Full text: The Personal Distribution of Income

Larger wealth presupposes larger income ( if it had to he saved 
out of it) } t erefore the mean income has t> be higher for 
lar er wealth. Prom thid point of view it is not surprising 
that the increase of income with wealth is less than proportionate, 
because wealth in an integral f income taken ver time ^ 
if saving can be assumed t be a cinstant proportion of inc me. 
The interpretation is only weakened to the extent to which it 
could be argued that the creation of new wealth from earned 
Inc me will affect mostly the lower wealth classes ( only 
earned inc me i3 really relevant in this context where income 
is supposed to play an active role vis-a-vis wealth ). 
The other; regression - wealth on income - should 
on the face of it represent the effect of the propensity to 
save, the ereation of new wealth from earned income 
( continuing primary accumulation ). The curvilinear shape 
might be compatible with this interpretation, since for the 
lower incomes the saving will play no role and wealth will 
only start emerging when income has reached a certain level, 
and then it will rise st eply ( because it is an integral, 
see above ). Here again, an alternative interpretation is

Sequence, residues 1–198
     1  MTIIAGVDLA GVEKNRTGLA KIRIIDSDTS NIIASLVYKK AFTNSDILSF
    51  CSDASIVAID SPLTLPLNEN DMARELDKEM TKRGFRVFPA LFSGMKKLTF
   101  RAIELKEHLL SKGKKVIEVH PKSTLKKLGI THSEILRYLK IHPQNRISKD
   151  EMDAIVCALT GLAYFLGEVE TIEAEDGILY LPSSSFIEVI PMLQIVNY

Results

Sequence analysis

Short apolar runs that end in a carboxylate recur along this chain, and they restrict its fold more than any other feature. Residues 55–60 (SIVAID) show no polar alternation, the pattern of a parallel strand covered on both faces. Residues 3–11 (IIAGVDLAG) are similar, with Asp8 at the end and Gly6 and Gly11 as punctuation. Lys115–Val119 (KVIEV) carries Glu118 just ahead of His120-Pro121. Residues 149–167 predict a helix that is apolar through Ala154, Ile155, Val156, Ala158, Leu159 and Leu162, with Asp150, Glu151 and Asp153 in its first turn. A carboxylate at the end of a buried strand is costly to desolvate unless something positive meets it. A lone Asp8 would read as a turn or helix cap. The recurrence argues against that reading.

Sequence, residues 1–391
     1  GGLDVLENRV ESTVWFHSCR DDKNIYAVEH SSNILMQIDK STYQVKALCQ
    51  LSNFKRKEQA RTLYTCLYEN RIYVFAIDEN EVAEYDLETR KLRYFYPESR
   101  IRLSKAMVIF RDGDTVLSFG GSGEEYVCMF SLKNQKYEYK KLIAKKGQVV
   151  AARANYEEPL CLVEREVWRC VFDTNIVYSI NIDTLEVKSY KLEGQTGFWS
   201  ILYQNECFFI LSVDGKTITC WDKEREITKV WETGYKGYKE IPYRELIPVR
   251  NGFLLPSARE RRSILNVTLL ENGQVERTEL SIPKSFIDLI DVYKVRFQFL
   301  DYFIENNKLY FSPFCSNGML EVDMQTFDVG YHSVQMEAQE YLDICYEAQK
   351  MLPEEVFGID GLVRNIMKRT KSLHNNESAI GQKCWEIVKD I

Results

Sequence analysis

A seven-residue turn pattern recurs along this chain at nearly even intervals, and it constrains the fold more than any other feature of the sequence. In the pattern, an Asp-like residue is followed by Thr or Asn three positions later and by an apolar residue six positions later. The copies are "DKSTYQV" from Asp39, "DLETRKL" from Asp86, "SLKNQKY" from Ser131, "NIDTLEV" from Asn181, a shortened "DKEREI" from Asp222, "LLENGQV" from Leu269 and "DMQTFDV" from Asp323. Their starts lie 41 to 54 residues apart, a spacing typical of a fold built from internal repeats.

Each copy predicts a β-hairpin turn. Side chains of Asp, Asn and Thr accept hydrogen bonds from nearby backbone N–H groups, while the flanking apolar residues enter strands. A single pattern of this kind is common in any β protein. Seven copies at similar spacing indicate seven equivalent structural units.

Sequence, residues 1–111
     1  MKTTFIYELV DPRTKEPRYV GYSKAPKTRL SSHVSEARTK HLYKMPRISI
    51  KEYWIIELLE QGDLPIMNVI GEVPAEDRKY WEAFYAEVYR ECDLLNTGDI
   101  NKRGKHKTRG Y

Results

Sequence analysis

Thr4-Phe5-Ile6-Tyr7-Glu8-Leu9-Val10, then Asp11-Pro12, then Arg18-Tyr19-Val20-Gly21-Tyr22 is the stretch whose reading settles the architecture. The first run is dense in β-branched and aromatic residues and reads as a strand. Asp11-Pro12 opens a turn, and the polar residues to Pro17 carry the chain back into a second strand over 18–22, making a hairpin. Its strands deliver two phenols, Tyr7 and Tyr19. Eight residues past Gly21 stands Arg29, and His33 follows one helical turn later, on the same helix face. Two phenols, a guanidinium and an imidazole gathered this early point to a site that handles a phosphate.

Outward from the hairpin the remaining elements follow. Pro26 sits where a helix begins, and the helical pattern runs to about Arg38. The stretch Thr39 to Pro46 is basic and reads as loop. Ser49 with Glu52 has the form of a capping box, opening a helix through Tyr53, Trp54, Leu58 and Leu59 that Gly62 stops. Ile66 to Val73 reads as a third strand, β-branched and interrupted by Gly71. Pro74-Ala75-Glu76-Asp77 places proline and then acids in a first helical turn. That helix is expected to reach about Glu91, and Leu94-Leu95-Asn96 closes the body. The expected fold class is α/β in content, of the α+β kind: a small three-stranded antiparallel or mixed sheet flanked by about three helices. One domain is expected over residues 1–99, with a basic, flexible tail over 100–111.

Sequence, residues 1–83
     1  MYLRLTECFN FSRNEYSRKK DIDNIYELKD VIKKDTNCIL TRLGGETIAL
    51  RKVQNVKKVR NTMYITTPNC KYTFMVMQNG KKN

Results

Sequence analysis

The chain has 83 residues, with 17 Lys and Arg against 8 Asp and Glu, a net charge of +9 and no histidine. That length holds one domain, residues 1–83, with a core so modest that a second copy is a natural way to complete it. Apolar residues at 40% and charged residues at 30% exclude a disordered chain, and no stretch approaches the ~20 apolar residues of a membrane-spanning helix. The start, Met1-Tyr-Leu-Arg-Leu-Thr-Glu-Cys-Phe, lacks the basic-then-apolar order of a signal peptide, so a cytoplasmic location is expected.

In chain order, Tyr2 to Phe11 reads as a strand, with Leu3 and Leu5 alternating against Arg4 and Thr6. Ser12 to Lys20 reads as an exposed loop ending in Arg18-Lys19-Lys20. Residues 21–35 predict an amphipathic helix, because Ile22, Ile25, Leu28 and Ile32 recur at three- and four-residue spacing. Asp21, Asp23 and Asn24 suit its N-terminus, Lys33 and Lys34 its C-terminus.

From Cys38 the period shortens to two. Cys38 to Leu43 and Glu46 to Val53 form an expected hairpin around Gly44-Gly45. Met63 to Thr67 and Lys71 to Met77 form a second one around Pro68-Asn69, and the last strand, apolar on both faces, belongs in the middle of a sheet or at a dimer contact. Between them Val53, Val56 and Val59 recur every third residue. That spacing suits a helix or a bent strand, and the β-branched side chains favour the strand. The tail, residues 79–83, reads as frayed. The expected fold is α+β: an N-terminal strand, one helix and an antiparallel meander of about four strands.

possible* If income is large, it probably has been derived 
from large wealth, therefore to larger income will 
on the average correspond larger wealth ( rate f return relation ). 
n f[ 
Thus the #tw> relatione or theories >r laws 
behind the j->int distribution of wealth and inc me seem 
to be both relevant for each of the two regression lines 
although possibly not to the same extent ( each f the 
regressi n lines may be be more strongly influenced by 
one relation than by the other ). 
The preceding arguments implied that.to^ s me exeat, 
each regression line is an inverse t the other regression line. 
In order to make this clear let me choose an example fr m 
another field/ where there is only one "law" or at least we 
can pretend there is only one. 'fake the size distribution of 
manufacturing plants according to output and cost. The law 
consists in the effects of scale on cost in relation to output. 
The regression of cost ( or employment) on output will show 
a coefficient less than one, decreasing cost to scale. 
We expect the other regression to be the inverse of the first

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